Posts Tagged ‘bullnose verandah’
As a lover of both the gold rush city of Bendigo and the variety of terraced housing to be found there it is suprising to find that while heritage overlays exist across most of Bendigo, this single storey row of three homes simply named “Terraces” in suburban Ironbark is afforded no heritage protection. This is despite an Ironbark heritage study being published as recently as 2010.1
Maitland is one of those regional heritage cities that definitely punches above its weight when it comes to terraces. The city has some good examples of both double and single storey terrace housing that have their own regional variation and flavour. This row of four terraces in Catherine Street is particularly interesting for its detail and polychrome brickwork and refined use of ironwork verandah decoration.
This pair of semi-detached weatherboard terraces in Golden Point close to Canadian Creek, just south of the Ballarat CBD has an exceptionally rare feature of such houses in Australia, northern European style clipped or half-hipped gables. Combined with their projective eaves and brackets and other timber decorative detail and mouldings (including six panelled timber Victorian style doors surrounded by sidelights, fanlight and paired double hung windows), bullnosed verandahs, iron lace fringe and brackets and tall polychrome brick chimney and party walls, this is a most distinctive pair of cottages.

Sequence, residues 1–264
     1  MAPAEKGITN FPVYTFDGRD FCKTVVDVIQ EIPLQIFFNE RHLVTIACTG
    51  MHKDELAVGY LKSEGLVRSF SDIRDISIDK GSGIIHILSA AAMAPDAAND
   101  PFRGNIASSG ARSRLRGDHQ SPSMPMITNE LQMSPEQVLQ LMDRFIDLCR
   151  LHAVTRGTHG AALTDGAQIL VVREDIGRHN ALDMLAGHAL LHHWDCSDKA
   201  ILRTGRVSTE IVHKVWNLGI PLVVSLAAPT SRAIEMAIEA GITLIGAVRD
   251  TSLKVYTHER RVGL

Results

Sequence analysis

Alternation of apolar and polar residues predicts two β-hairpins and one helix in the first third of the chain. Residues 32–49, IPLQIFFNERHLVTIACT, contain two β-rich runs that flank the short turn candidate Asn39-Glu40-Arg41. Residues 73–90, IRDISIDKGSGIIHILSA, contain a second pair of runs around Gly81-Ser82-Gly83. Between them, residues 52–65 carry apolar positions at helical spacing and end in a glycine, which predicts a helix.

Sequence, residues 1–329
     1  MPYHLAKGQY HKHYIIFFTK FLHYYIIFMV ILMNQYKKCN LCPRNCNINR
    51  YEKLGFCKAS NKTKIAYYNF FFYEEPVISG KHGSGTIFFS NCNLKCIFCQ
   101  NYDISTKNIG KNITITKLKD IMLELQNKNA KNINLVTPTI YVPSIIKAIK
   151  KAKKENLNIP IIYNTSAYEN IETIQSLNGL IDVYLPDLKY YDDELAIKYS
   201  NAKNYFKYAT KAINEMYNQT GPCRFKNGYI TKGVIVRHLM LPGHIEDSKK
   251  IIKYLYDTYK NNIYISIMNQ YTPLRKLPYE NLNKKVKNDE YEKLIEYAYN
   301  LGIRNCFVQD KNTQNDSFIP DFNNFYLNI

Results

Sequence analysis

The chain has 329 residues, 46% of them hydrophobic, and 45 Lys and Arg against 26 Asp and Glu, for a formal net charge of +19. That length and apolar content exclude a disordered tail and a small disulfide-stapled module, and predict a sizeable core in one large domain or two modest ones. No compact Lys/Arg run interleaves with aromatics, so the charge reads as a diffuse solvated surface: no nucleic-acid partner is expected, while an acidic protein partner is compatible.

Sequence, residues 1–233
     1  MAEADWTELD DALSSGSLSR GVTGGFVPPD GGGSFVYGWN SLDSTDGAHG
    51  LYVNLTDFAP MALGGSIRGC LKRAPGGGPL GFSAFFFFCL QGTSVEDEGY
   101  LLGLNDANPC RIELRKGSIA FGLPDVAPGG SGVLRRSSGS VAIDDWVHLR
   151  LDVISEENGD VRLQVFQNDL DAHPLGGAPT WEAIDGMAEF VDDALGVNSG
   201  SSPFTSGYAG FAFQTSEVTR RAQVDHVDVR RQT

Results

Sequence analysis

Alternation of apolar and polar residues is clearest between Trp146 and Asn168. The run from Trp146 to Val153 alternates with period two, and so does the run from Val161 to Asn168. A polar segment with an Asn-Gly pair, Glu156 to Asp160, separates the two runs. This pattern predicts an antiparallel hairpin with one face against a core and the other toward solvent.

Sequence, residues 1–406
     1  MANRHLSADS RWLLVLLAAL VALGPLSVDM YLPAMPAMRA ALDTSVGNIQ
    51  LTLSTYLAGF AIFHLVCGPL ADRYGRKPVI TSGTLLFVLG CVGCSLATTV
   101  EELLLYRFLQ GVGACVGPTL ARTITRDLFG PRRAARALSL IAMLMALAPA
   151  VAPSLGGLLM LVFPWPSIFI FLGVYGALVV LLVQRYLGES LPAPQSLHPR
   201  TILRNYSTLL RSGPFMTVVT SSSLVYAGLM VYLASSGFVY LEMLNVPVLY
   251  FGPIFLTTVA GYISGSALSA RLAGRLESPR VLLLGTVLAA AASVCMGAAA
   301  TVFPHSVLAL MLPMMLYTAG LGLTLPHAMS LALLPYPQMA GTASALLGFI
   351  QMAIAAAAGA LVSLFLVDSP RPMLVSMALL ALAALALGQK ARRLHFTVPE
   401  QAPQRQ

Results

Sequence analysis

Historic Portland, Victoria’s first settlement and early whaling colony has a number of remnant timber and bluestone cottages that are similar in some ways to terrace housing. This unusual single storey row of three terraces was the result of a 1913-14 extension of a former hotel known as the “Builder’s Inn”, one of Portland’s earliest hotels originally erected in 1849.
We’re attempting to correct an imbalance thusfar on this site against Newcastle, a fantastic city that is home to some of Australia’s most interesting terrace housing, with this row of four that caught the eye of our own Michael Gardner. Named Strathearn and erected in the inner suburb of Cooks Hill in 1889 it displays some of the regional variations that make Newcastle terraces so interesting.
While much of Zetland is undergoing urban renewal as part of the Green Square project, a small pocket of the original Waterloo estate developed mostly in the 1885 stands much as it did, the Zetland Conservation Area1. The row of three double storey Italianate terrace homes is named “Elsie Terrace” and was erected in 1886 as indicated on its central pediment.